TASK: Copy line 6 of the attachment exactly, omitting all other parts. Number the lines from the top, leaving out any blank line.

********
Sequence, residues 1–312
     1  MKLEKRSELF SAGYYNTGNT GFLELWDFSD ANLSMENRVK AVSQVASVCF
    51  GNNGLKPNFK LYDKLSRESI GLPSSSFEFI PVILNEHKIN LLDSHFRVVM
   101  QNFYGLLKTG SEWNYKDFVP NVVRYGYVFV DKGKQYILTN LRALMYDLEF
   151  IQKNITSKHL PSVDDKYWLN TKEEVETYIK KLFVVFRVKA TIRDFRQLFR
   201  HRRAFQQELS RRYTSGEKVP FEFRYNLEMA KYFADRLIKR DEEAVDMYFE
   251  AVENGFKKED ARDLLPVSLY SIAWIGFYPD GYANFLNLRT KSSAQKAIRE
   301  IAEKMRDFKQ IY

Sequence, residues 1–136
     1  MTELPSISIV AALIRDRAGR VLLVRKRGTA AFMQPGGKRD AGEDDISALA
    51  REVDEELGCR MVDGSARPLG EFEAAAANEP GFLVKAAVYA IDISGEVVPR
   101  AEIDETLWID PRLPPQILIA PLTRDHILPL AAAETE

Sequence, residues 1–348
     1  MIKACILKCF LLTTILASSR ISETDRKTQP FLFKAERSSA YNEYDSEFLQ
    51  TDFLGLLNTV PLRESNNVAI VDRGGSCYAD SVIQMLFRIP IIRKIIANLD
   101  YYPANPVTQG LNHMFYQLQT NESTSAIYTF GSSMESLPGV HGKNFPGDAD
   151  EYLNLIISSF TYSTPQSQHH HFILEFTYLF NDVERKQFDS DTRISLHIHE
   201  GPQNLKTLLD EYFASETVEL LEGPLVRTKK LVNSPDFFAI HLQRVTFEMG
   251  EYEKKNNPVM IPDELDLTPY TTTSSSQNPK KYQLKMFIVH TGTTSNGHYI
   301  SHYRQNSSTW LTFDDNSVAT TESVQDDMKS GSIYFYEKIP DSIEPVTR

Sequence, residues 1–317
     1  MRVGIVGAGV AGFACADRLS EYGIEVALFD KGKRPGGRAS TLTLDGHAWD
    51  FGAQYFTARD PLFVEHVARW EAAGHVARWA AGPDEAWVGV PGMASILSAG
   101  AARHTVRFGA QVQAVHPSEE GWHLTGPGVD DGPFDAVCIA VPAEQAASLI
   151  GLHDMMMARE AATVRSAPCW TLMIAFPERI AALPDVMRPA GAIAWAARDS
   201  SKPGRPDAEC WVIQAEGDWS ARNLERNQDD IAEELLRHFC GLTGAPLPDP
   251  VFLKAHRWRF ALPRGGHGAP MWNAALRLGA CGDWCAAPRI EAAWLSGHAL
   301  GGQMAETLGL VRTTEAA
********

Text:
   201  HRRAFQQELS RRYTSGEKVP FEFRYNLEMA KYFADRLIKR DEEAVDMYFE